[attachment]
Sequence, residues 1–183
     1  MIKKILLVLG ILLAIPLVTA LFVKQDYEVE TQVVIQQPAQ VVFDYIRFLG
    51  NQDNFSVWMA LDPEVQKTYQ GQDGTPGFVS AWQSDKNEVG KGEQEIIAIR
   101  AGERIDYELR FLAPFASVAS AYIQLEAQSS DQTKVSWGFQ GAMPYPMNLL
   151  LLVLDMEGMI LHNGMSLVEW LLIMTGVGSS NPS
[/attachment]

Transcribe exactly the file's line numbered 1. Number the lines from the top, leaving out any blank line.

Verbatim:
Sequence, residues 1–183